Here’s our most recent playlist of links and tips for life science marketing and social media:
- Sigma updates website.
Sigma Adrich has updated their website. It looks nice (except I think they need to be consistent with the red–it’s too light at the top) and time will tell whether life science researchers find it easier to use. The video about the new site shows 4-5 staff members describing the changes and excitement they have for it (frankly I’d rather just see the updates). The video is a bit over the top–did they really work with the ‘top designers in the world’? From the web 2.0 standpoint, they now have favorites and product reviews, which is great, and it looks to be iPad compatible. Social media is not prominently displayed–links are in gray at the bottom right. They indicate that it is the ‘first stage in their digital evolution.’ The sophisticated video makes me think of this post about every company needing to be a media company now. Is your company expanding its video production team?
- Tineye image search.
This is cool. Ever see an image in an Ad, or get sent an image that someone in your group wants to use in some marketing materials, but don’t know where it’s from? Enter Tineye–upload an image from your computer or give the original web address and the application will try to locate it on the web so you can purchase it, etc. It has saved me many times!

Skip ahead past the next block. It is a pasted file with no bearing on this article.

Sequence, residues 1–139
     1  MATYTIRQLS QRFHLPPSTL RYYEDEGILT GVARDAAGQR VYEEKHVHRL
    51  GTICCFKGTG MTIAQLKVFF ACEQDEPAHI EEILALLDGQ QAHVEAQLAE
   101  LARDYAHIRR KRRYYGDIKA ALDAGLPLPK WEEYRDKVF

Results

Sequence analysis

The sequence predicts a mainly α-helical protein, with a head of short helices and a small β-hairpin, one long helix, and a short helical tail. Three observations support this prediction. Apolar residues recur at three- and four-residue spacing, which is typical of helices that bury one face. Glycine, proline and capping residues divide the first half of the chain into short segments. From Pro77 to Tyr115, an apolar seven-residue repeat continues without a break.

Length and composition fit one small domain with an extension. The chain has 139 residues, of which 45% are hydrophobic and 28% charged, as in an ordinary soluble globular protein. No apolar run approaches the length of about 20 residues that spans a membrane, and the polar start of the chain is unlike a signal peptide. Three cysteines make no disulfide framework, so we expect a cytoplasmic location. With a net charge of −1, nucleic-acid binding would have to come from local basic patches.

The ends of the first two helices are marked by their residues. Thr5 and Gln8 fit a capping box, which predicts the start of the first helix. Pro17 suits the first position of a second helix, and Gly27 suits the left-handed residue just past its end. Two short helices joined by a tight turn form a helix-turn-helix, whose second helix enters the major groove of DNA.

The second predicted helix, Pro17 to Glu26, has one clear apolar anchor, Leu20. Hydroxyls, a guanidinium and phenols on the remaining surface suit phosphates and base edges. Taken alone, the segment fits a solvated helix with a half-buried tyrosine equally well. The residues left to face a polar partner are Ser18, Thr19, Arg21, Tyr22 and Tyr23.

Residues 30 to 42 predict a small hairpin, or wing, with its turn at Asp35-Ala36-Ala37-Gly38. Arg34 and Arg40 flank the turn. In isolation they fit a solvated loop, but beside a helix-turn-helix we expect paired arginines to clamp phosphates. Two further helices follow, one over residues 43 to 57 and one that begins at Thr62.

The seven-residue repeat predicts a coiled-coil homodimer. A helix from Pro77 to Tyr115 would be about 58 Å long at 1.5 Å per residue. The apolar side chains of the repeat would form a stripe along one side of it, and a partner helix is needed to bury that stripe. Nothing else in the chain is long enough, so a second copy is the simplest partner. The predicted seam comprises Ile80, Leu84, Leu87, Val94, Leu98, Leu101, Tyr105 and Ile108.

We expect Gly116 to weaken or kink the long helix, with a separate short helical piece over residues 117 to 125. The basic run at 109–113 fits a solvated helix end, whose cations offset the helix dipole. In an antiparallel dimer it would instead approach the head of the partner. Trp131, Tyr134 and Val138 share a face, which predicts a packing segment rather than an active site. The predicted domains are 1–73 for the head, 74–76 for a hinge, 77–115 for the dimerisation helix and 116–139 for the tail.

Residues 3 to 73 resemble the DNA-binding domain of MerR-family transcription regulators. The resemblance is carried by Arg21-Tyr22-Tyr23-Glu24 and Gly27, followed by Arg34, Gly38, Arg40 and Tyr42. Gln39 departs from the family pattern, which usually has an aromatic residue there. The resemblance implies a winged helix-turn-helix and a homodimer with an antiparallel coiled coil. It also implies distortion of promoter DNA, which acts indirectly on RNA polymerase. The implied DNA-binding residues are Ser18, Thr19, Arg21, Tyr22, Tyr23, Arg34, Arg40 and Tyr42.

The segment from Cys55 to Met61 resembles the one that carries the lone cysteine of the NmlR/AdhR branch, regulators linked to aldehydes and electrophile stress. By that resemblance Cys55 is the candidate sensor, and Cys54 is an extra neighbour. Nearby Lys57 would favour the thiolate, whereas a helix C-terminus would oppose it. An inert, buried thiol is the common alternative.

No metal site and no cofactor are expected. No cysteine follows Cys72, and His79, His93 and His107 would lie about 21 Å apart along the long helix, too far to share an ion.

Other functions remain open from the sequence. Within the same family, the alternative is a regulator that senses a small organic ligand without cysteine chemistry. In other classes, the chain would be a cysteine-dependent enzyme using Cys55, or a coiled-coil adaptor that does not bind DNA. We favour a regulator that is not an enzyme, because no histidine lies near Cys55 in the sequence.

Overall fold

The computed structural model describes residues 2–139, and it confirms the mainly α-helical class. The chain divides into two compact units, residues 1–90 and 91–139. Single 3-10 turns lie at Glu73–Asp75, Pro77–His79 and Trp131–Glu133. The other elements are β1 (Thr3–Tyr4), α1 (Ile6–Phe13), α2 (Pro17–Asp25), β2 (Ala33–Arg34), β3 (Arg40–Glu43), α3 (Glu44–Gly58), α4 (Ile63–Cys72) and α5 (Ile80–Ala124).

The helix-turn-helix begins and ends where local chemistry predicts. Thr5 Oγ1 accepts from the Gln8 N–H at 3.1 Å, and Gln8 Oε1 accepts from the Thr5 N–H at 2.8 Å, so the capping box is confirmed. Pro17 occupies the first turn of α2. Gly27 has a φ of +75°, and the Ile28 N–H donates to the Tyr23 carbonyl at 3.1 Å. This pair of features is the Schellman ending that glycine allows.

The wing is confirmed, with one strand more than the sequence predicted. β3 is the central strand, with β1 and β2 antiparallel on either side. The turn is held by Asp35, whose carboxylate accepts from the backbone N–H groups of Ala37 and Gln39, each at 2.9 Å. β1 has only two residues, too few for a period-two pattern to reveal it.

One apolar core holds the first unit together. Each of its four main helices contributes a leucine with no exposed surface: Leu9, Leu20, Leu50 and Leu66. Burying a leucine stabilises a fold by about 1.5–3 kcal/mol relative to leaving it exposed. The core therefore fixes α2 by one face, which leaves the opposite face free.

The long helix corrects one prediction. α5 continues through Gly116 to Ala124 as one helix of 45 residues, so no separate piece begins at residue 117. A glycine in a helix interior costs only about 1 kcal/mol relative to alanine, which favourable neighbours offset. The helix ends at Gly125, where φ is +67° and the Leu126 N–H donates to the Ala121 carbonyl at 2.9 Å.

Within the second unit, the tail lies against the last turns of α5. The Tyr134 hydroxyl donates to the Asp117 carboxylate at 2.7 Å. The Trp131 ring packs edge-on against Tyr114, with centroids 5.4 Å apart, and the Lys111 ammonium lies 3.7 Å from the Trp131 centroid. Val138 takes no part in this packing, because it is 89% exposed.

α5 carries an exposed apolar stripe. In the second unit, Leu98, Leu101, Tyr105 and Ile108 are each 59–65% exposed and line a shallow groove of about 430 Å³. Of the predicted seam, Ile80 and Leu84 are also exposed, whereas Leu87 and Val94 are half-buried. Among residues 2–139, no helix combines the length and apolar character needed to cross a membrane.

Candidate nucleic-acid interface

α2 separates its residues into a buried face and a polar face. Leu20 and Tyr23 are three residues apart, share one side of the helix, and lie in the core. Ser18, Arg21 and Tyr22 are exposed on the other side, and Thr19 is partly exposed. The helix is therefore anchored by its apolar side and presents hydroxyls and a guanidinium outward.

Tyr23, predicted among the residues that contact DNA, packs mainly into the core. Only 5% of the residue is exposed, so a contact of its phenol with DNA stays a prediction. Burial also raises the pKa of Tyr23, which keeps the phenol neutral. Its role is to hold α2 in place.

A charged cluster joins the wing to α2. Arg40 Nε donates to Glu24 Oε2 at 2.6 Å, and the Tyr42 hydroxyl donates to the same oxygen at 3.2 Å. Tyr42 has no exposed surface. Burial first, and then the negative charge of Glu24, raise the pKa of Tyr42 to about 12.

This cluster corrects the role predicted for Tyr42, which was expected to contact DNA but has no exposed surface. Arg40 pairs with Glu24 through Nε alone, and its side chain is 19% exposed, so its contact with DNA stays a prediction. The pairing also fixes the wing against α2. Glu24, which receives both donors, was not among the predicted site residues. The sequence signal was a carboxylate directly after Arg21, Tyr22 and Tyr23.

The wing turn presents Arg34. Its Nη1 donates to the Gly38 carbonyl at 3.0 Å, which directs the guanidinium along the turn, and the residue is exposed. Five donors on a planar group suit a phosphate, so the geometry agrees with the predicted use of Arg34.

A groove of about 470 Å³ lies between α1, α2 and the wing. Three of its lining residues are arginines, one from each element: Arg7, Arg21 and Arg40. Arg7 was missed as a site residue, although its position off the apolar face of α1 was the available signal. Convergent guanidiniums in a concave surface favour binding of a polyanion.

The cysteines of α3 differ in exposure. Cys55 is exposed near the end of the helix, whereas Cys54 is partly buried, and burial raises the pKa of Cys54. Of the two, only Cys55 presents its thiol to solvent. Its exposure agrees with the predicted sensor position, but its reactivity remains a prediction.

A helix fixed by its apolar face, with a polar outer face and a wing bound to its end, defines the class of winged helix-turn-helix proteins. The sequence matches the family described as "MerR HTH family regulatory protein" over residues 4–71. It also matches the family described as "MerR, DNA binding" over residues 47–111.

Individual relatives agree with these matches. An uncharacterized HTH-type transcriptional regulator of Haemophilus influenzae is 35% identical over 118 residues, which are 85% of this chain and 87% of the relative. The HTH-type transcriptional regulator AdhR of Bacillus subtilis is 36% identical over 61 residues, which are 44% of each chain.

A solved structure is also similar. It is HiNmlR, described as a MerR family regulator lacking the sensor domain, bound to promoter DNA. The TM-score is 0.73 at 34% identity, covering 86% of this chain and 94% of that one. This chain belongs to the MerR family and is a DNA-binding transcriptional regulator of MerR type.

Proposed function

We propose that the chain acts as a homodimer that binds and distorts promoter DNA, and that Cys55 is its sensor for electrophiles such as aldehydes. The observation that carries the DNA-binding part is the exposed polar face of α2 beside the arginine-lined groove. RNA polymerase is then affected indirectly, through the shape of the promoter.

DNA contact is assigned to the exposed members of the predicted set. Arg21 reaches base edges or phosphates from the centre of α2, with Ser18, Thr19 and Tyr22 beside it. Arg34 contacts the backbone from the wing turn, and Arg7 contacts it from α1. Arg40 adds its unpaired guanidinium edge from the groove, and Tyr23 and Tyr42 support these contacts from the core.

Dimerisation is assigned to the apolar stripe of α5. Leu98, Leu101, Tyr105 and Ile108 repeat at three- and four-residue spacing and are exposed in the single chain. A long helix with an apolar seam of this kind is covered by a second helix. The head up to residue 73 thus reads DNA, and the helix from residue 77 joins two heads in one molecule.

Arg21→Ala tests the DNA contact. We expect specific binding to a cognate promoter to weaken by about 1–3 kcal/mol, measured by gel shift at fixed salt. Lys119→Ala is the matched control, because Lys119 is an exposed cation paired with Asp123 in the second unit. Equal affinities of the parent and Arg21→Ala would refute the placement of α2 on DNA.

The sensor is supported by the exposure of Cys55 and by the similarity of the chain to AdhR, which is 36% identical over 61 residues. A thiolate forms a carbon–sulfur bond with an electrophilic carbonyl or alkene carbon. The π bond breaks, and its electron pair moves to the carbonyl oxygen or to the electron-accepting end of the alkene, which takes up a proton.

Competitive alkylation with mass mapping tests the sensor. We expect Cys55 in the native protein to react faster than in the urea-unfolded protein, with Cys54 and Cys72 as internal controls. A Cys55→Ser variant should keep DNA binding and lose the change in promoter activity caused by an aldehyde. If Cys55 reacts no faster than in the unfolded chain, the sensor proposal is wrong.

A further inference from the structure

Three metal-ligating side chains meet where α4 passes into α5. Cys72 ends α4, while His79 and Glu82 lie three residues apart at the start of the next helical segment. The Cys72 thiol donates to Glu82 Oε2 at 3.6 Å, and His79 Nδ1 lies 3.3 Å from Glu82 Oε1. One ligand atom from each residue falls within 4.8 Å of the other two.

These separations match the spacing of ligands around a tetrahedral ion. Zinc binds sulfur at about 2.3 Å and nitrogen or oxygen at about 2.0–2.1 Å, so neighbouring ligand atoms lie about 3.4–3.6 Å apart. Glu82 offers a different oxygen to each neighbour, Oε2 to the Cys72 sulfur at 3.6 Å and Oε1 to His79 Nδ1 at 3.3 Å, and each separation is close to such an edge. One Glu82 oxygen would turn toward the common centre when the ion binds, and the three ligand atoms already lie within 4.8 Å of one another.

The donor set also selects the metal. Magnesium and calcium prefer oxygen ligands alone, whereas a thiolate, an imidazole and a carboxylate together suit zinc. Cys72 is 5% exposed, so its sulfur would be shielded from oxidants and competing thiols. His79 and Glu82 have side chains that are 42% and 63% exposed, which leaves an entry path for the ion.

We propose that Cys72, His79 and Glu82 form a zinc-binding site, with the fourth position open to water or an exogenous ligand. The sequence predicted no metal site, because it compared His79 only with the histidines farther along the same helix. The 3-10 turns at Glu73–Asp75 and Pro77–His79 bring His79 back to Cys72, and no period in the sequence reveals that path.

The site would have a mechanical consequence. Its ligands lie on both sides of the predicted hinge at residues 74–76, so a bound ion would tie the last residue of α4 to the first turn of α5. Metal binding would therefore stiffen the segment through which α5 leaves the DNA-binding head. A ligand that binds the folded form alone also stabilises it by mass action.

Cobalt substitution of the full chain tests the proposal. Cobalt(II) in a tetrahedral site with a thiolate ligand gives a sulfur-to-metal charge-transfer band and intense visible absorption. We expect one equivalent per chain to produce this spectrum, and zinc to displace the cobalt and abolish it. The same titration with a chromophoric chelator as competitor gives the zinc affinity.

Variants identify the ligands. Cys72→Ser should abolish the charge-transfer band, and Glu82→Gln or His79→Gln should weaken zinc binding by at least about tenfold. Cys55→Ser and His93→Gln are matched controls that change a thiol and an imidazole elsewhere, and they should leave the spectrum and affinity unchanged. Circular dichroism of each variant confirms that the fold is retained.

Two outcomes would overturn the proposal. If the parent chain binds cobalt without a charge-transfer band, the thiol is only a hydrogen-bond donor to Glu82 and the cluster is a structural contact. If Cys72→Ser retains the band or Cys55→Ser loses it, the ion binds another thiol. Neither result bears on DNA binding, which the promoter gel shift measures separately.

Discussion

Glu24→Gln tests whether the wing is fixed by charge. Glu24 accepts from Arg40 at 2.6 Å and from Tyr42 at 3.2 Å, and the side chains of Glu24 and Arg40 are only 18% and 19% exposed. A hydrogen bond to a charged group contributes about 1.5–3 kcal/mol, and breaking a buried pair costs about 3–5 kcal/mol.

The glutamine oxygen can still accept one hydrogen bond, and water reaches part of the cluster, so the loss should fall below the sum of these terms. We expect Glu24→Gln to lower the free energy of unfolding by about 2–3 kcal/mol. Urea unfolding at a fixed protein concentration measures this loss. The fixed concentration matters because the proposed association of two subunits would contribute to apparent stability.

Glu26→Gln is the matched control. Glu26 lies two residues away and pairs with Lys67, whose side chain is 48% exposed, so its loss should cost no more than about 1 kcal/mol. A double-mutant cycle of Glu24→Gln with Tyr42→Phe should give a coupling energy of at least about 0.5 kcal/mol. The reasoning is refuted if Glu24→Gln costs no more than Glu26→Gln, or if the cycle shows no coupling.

- Millipore creates iPad app.
Millipore, now EMD Millipore, has launched an iPad application which helps researchers map histone modifications, and lists publications and their products that are related. This app can be seen to extend the tools they have on the web, such as clickable pathways and a GPCR and kinase profiling tool. They have a very content rich, and web 2.0 site in several ways (interface and layout), but their social media presence is not very engaging, which is a shame. The iPad app is a nice addition, it will be interesting to see how popular it is.
- Life Technologies launches Invitrogen and Applied BioSystems Facebook pages.
OK this move confuses me. LIFE has been very active in social media, creating an overall corporate presence and ‘personalities’ for different product lines (e.g., Everyday Cloning). They’ve recently launched Invitrogen and Applied Biosystems Facebook pages. In our workshops and training, we talk about the fact that life scientists need to find value to participate in social media–what is the value in following a broad product line? To me, it muddies the identity of LIFE as a brand. An additional complication is that Facebook has organization pages for each of these sub brands (example), which the company has no control over. Whatever happens, you can follow all of LIFE social media via the RSS or email alert we’ve created.
To share this post easily cut and paste: Sound Bytes: Links and Tips For Life Science Marketing & Social Media 5/26/2011 http://bit.ly/soundbytes05_26